With one Senate seat secured for Democrats in Georgia and the other Senate race yet to be called, it is already clear that there is a lesson to be learned from the runoffs. It's not just that President Donald Trump has largely undermined and ruined the Republican Party. It is also that progressive grassroots leaders (led overwhelmingly by Black women) have reimagined, recreated and rebuilt the state's Democratic Party coalition.
We should not stop at denouncing the lack of smarts on the Republican side. We must also praise the real genius of Georgia's activists and organizers. This is not just a story about the final failure of Trump. It is a story of the success of Stacey Abrams -- and many of the unsung, bottom-up, inspirational leaders with whom she has worked for years. They not only helped secure a Democratic Georgia Senate seat, but they helped elect the first Black senator in Georgia, the Rev. Raphael Warnock.
Of course, there is plenty to criticize on the Republican side.
For example, the GOP ran two candidates who spent their time demonizing their opponents as "radical socialists" rather than offering their own vision to inspire voters. They marched lockstep with Trump, rather than showing independent leadership. Kelly Loeffler made the unwise decision to continually defame and malign the pastor of Dr. Martin Luther King's church. Her attacks on the Rev. Warnock's sermons and ties to other pastors caused a backlash that likely turned out more Black voters who wanted to defend the Black church. The strategy failed for Loeffler.
Poor judgment from Republicans was not confined to candidates in the Peach State. In Washington DC, Senate Majority Leader Mitch McConnell was all too happy to play the part of Ebenezer Scrooge at Christmastime. When he blocked the $2,000 Covid-19 relief checks that progressive Democrats and President Trump both demanded, he single-handedly gifted Democrats a winning closing message: Vote for us, and we will get you enough money to survive.
To top it all off, President Trump has spent the past two months telling lies about the general election outcome. And those lies likely suppressed his own party's voters. He convinced legions of Republican voters that their votes had not counted in November, despite any solid evidence to back up his claims. The GOP in Georgia paid the price, as many Republicans apparently threw up their hands in frustration at the whole system and stayed home. Worse, Trump made it impossible for Republicans to consistently use their strongest potential message -- that voters must help stop Democrats from controlling the White House, House and Senate -- by his refusal to acknowledge that he was going to have to turn the White House over to Biden.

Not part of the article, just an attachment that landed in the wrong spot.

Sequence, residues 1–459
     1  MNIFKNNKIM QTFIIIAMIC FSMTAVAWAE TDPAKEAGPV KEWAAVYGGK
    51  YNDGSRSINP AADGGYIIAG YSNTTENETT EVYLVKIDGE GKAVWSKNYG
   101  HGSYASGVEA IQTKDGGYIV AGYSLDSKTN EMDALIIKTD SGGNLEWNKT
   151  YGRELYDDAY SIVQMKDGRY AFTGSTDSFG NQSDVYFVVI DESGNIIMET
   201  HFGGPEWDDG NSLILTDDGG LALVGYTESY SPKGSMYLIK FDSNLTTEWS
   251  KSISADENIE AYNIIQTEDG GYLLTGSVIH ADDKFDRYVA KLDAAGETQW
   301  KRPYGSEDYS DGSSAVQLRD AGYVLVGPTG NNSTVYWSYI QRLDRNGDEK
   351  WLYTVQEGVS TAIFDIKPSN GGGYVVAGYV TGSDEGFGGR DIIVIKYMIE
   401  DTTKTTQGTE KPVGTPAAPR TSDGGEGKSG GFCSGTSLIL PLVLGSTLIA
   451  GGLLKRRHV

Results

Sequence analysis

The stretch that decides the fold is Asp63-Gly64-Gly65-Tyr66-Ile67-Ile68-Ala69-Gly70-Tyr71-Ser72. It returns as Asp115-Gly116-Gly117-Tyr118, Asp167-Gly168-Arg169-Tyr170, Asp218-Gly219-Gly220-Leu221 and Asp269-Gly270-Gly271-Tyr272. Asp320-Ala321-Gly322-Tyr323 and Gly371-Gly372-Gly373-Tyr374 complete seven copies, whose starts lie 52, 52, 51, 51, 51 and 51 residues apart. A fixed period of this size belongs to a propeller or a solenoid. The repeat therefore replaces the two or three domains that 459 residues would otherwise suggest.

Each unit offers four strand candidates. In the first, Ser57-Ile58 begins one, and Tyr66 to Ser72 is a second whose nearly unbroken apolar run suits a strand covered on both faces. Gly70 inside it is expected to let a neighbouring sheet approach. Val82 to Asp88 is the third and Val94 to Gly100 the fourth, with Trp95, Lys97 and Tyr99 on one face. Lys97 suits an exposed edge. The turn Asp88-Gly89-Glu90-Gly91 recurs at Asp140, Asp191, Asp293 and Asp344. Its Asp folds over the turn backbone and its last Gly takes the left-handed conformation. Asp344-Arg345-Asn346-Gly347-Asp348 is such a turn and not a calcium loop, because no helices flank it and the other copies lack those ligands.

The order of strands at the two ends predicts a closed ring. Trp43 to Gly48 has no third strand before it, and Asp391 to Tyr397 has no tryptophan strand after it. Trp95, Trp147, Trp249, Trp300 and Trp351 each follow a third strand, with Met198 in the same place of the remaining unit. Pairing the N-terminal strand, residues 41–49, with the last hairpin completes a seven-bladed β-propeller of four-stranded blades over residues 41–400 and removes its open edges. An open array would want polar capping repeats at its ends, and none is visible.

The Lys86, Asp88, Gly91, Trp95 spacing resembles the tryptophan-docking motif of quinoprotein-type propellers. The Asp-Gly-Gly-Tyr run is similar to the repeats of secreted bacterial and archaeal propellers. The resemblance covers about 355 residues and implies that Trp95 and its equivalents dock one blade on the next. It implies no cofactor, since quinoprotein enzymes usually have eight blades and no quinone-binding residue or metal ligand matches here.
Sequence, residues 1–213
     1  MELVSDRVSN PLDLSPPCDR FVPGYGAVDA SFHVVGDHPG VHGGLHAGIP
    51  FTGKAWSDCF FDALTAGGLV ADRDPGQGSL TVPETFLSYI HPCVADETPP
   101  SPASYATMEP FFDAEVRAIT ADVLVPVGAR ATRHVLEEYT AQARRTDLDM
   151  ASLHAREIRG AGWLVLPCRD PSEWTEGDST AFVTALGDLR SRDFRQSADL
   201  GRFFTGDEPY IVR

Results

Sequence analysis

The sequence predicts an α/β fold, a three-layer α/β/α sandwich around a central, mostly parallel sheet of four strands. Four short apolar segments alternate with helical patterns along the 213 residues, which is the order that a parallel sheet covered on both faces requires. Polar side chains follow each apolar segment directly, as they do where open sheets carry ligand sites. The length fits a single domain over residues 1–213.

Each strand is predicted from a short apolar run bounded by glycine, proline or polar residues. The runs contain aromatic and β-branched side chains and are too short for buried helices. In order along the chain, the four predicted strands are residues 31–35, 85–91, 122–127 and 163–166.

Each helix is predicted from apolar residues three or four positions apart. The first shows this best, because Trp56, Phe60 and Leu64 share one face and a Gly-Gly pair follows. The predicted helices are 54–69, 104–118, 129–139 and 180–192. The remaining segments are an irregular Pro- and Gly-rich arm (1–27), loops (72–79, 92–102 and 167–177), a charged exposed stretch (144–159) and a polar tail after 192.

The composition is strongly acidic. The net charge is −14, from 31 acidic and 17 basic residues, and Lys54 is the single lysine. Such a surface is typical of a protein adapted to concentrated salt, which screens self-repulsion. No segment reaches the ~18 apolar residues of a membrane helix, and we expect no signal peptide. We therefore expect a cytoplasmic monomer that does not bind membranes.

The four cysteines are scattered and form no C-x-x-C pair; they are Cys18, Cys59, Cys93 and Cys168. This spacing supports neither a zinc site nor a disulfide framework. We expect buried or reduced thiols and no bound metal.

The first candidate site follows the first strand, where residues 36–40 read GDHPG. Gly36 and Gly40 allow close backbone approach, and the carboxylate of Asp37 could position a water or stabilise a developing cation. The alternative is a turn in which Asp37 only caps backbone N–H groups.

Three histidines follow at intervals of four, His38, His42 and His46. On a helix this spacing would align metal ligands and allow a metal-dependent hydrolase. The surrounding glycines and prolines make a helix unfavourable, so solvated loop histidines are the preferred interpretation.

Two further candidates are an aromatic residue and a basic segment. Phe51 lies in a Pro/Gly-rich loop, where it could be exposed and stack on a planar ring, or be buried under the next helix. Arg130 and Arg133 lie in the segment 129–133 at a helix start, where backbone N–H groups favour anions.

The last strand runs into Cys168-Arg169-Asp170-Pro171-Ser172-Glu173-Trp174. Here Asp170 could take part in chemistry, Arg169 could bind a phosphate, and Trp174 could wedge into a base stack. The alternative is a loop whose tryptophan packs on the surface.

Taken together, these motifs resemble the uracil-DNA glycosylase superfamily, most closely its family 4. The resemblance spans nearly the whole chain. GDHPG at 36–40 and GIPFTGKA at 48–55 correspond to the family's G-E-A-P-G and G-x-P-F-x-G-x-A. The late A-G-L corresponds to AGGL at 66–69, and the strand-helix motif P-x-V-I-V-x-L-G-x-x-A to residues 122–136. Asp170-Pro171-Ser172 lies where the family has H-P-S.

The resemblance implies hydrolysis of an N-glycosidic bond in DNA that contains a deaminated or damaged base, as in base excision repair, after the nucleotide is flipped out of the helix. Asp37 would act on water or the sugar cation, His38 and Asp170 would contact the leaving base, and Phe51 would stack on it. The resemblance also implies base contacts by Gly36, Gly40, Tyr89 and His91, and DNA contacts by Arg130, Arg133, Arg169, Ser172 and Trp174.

But all that is still only half the story.
The other half was how smartly the progressives played their hand.
First of all, for years, the best leaders on the ground in Georgia have been putting grassroots organizing ahead of party politics. Georgia organizers built from the base, focusing on a community-oriented, person-to-person approach. They knocked on doors and made phone calls -- for years. The heroes were not national Democratic Party operatives but local leaders and organizations. It was not just Stacey Abrams -- who lost her bid for Georgia governor in 2018 but never stopped working -- though she is at the top of the list.
We also need to give credit to the organizations and leaders who dedicated their time and energy to highlighting critical issues and mobilizing voters: Tamieka Atkins and ProGeorgia, Helen Butler and Georgia Coalition for the People's Agenda, Deborah Scott and GA Stand Up, LaTosha Brown and Black Voters Matter Fund, Nsé Ufot and the New Georgia Project, Color of Change and Mijente, which worked hard to mobilize the Latino vote.
All of this work likely produced a major swing toward Democrats.
It was also a win for "Black joy" over a certain kind of White rage. So much of our politics since Trump emerged on the scene has been about right-wingers stoking or managing White anger. And so much of 2020 was understandably and inevitably about Black heartbreak -- from the Covid-19 catastrophe to police abuse. But the first election of 2021 was powered by Black joy, instead. I talked to organizers who said they used music, food, dance and fun to engage people at a deeper level. Their efforts helped the Rev. Raphael Warnock to become only the 11th Black US senator in history -- the first in Georgia. (You can still fit a list of every Black senator ever in a single tweet! That's how rare such wins are.)
Lastly, it was a win for real people over party royalty. A few years ago, the Democrats nominated Michelle Nunn and Jason Carter for statewide elections and lost badly. They were both Democratic Party royalty. On the other hand, the Rev. Warnock is not, yet he won. He was untested as a candidate, but his personal story is compelling and his leadership qualities are authentic. Despite Georgia's painful history -- one sadly blighted with anti-Black and anti-Jewish bigotry -- all Georgians soon will have a Black pastor representing them in the halls of the US Senate.
How did we get to this seemingly miraculous outcome? It's simple.
Trump lost his election -- and he spent two months lying and whining. Stacey Abrams lost her election -- and she spent two years building a stronger movement. Now, we know whose strategy was better.